The origins of the ‘I am going to’ Sue Sylvester meme, explained

The origins of the ‘I am going to’ Sue Sylvester meme, explained

In this year where nothing has gone according to plan, there has been one reliable constant: memes.

If we were to crown one meme that has ruled 2020, the winner has to be the Sue Sylvester meme.

But what exactly is the Sue Sylvester meme?

The meme itself is a screenshot of Jane Lynch as Sue Sylvester in Glee as she says that she’s “going to create an environment that is so toxic”. The scene comes from the seventh episode of the show’s first season in which Sue vows to destroy the school glee club by sowing divisions in the team, hence the “toxic environment”.

It’s not a particularly memorable moment in a show that’s littered with some of the most outrageous plot lines to have graced television, but it probably speaks to the very toxic environment we’re living in now in a way that has surprisingly resonated with social media users stuck at home and stuck online.

How did it become popular?

According to Know Your Meme, the meme began circulating in its original form in July with one user’s very meta take on the quote.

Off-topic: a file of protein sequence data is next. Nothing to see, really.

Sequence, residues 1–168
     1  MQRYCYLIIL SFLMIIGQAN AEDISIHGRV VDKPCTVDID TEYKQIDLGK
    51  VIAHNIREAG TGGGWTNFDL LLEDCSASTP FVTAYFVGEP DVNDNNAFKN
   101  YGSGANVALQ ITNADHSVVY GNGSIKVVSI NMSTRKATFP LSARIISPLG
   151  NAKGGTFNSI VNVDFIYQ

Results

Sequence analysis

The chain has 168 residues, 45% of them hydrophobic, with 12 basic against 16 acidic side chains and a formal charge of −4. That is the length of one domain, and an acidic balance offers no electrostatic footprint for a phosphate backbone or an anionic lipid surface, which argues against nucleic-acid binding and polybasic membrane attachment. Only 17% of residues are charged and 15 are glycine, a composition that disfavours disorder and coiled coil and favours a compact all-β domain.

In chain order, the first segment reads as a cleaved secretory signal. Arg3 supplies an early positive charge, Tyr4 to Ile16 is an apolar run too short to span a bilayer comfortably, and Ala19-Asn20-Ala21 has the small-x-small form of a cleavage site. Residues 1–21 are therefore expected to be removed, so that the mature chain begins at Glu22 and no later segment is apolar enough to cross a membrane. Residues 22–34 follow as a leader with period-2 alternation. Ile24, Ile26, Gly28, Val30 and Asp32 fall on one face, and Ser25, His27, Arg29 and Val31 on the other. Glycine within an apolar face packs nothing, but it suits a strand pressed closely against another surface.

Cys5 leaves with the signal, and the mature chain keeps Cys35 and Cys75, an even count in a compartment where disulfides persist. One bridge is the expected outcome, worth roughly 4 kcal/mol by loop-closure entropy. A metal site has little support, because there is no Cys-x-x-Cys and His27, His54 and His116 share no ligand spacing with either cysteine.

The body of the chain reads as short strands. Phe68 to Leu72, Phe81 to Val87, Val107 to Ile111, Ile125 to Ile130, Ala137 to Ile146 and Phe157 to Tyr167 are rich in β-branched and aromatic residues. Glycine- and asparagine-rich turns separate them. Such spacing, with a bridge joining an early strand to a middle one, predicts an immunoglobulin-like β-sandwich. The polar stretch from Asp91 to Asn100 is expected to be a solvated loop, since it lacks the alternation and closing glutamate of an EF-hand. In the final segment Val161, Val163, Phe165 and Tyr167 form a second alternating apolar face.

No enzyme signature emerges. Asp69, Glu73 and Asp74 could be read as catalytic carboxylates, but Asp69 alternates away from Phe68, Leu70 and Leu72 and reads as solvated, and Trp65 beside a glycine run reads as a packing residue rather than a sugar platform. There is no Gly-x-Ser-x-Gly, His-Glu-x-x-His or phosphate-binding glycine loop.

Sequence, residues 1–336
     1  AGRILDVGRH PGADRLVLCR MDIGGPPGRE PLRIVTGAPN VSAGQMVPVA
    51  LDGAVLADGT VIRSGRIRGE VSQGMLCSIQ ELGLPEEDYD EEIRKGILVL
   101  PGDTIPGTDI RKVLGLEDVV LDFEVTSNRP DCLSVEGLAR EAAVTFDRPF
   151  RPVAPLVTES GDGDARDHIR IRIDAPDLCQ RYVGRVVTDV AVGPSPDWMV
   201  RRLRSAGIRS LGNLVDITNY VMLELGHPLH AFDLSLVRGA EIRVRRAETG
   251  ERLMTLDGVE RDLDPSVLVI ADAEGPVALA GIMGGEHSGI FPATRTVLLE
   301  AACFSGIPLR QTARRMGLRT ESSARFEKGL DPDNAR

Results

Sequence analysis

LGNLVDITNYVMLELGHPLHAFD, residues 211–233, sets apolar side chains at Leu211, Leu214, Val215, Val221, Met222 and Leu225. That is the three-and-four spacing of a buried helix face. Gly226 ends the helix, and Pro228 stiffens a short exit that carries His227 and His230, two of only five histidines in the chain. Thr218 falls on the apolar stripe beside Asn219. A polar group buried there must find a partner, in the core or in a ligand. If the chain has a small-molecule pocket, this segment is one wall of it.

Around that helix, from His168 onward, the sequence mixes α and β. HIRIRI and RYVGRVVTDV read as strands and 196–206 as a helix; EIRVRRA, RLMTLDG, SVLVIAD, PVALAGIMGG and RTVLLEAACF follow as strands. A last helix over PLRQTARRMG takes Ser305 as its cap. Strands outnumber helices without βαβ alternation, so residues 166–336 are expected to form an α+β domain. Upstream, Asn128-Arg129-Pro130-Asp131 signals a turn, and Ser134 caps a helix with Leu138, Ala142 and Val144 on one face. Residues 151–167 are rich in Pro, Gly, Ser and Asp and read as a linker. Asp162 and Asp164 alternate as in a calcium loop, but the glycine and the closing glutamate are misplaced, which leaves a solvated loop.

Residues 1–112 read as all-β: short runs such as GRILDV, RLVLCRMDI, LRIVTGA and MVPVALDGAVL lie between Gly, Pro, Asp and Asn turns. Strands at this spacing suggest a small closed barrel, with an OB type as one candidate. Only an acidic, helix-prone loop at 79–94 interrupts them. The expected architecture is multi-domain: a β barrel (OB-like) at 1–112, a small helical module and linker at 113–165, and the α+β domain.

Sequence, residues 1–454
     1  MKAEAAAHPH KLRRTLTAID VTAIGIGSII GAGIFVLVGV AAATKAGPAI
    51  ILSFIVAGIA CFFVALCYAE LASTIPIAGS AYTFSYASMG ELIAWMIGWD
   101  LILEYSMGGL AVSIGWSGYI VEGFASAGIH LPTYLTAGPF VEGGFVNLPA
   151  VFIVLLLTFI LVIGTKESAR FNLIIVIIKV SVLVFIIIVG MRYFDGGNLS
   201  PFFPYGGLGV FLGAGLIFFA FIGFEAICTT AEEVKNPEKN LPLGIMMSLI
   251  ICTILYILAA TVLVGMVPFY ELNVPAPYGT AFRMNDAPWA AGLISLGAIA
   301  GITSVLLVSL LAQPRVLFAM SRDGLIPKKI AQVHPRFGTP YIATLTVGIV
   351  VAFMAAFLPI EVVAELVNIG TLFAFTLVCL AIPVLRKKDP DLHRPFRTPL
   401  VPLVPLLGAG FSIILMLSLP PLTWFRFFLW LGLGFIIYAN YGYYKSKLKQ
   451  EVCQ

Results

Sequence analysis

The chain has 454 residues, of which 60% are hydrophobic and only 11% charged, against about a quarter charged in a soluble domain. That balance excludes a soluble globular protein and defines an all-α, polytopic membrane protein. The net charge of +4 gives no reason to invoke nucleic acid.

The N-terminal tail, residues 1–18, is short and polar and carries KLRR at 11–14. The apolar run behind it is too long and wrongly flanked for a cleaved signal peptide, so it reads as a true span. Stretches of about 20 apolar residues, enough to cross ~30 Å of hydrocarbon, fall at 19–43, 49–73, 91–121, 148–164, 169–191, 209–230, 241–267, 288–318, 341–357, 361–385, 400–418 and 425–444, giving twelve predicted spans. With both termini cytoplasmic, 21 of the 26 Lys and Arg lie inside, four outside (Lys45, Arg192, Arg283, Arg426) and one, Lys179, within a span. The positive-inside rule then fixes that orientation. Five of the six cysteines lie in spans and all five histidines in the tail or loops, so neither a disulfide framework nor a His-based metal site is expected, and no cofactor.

Afterwards, it quickly gained traction as users used the screenshot to describe a multitude of bad environments.

It then grew into an entirely different beast as different variations on the format emerged, with users tweaking the quote to fit their own jokes.

Strangely, the format has longevity no one could anticipate, inspiring memes still to this day. Considering that a life cycle of a meme tends to be pretty short, a meme remaining popular for almost half a year is unheard of.

As the meme started taking off in popularity once again this month, it also inspired some backlash. Some are just tired of seeing a dozen iterations of the same format every day.

And as writer and self-proclaimed “lover of memes” Stan Cross argued, changing almost all of the words in the original screenshot does not make it a meme.

To be fair, there are certain (hilarious) posts out there that lose almost all of the original context.

But as one user pointed out, these deconstructionist memes resemble the Gossip Girl meme from earlier this year, a trend that went so abstract it’s impossible to explain.

Memes are an unpredictable phenomena that can’t really be explained, but the fact that the meme can be edited to adapt to any joke and situation is probably why it has lasted for so long. Plus, people just think it’s funny. Isn’t that all you need from a meme anyway?

With a meme that gives people some semblance of joy, maybe the environment isn’t so toxic after all.

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